Former US Vice President Al Gore, well-known for his work on global warming, stopped by Microsoft to chat about how we can make changes in the world during desperate times.
Gore recently launched a follow-up to his first documentary called “An Inconvenient Sequel: Truth to Power: Your Action Handbook to Learn the Science, Find Your Voice, and Help Solve the Climate Crisis.”
Watch some quick snippets of his full talk with Microsoft’s Chief Environmental Strategist, Rob Bernard, and check out the abridged transcript below.
On our capacity to change
Al Gore: There’s a famous economist, Rudi Dornbusch, who said that things take longer to happen than you think they will. And then, they happen much faster than you thought they could.
We’re all familiar with that [sentiment] in technology deployments and in cost downcurves, but it often happens in politics as well.
If somebody had told me even five years ago that in the year 2017 gay marriage would be legal in all 50 states and honored and accepted and celebrated by two-thirds of the American people, I would’ve said, “Well I sure hope so, but what are you smoking?”
And yet when it was resolved into a binary choice between right and wrong, things really moved fast.
I think that’s where we are—real close to that tipping point on climate.
We will change, but it’s premised on your willingness to continue being a part of that change.
On achieving the impossible
Al Gore: Despair is just another form of denial. We don’t have time for it. We’ve got work to do.
During the Anti-Apartheid Movement in South Africa, the late Nelson Mandela said, “It’s always impossible until it’s done.”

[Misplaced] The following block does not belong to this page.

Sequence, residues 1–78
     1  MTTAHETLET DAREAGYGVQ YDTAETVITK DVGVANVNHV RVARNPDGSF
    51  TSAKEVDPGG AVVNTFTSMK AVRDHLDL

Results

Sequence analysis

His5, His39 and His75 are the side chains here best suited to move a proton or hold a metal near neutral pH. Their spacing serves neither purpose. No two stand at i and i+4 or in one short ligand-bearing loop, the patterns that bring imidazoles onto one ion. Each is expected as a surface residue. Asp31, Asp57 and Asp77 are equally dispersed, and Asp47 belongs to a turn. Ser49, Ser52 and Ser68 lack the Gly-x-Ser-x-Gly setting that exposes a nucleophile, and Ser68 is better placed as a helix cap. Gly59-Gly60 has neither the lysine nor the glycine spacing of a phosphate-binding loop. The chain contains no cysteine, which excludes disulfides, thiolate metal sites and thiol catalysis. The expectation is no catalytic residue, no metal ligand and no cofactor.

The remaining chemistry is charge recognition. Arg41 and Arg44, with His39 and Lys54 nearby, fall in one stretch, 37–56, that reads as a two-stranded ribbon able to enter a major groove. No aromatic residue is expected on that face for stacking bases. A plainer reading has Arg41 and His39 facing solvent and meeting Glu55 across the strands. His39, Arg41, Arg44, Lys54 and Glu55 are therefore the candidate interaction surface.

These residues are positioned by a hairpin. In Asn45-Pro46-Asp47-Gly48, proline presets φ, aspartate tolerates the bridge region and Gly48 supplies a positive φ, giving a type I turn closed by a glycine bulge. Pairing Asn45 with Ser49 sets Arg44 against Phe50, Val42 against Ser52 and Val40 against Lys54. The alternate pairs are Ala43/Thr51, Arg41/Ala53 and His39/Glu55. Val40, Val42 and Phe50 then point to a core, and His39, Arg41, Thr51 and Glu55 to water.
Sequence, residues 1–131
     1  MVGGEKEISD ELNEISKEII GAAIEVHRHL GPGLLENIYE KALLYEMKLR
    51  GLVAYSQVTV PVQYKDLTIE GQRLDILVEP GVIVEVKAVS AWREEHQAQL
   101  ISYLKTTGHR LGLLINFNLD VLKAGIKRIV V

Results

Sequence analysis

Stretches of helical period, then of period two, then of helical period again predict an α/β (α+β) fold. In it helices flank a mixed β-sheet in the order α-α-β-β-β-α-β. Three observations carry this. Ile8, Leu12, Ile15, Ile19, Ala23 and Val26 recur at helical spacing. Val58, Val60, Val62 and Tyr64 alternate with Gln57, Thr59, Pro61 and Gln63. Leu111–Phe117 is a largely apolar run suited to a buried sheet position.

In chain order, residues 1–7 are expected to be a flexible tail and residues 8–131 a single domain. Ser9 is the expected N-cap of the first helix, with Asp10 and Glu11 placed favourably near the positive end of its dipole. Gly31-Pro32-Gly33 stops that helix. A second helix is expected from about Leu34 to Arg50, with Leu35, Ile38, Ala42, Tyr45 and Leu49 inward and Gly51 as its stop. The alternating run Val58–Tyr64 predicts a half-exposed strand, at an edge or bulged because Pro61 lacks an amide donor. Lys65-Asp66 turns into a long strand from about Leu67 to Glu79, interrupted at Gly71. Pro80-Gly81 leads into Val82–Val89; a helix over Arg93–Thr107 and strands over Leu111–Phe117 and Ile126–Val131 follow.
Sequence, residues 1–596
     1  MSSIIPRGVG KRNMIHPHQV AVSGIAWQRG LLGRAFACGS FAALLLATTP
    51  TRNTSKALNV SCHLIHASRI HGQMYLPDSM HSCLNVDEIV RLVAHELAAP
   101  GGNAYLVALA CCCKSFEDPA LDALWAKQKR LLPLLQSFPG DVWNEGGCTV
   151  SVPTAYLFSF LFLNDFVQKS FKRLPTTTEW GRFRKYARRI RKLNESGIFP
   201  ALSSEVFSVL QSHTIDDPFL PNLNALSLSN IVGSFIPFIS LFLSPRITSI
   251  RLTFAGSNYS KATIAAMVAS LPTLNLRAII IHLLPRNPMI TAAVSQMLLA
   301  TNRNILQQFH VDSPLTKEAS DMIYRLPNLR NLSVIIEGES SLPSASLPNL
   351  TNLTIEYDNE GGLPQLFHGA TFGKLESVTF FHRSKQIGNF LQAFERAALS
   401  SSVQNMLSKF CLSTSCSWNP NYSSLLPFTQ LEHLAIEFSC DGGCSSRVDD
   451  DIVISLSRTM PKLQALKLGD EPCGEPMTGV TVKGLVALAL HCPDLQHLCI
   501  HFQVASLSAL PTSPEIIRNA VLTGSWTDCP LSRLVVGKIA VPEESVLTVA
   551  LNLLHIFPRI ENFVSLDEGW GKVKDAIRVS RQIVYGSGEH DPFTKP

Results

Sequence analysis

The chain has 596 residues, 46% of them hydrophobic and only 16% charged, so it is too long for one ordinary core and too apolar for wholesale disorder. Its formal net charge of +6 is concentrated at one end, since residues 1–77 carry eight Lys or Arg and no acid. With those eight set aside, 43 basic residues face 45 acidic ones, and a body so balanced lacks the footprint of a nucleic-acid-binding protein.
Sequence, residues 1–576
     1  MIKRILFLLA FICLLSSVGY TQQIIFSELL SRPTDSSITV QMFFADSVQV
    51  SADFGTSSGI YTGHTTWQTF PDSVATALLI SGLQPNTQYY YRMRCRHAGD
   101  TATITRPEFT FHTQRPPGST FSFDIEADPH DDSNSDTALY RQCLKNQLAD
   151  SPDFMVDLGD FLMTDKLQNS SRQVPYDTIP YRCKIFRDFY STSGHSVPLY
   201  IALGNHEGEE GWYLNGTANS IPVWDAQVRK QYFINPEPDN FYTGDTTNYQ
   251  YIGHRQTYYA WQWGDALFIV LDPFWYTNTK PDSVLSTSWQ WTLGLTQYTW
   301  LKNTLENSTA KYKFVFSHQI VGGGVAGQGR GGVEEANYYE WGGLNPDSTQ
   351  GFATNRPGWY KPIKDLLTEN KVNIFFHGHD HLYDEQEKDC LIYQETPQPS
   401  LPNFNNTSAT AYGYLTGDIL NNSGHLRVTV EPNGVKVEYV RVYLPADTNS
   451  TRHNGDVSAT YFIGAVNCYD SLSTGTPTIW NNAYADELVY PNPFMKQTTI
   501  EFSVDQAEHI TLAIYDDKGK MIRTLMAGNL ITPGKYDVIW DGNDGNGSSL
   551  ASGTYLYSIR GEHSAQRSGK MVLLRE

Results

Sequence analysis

And that’s where we are. You can choose despair. You can choose to say, “Party on . . . nothing we can do.” Or you can choose to feel that history is challenging those of us alive in this time to rise to this challenge.
Yeah, it’s hard. Of course, it’s hard. But it is a privilege to have a task before us that justifies pouring all our energy into it.
Al Gore: I learned in my life to recognize the reality of the human condition. There are people in this audience who are not telling you about it, but they are carrying some really heavy burdens. And I don’t know who you are, but I know that you’re here.
There are people who go through incredibly painful experiences, and they pick themselves up, and they go on with their lives. And one of the secrets of the human condition is that suffering binds people together.
When I went through hardships earlier in my life, I was deeply moved by people who I didn’t even know, who had gone through similar experiences who came up and really expressed such powerful empathy and helped me to get through that.
Resilience is in your heart and in your mind and in your character.
There’s an old African proverb: when you pray, move your feet. Shuffle off any kind of despair and just get moving and get acting. That brings the hope. That brings the energy.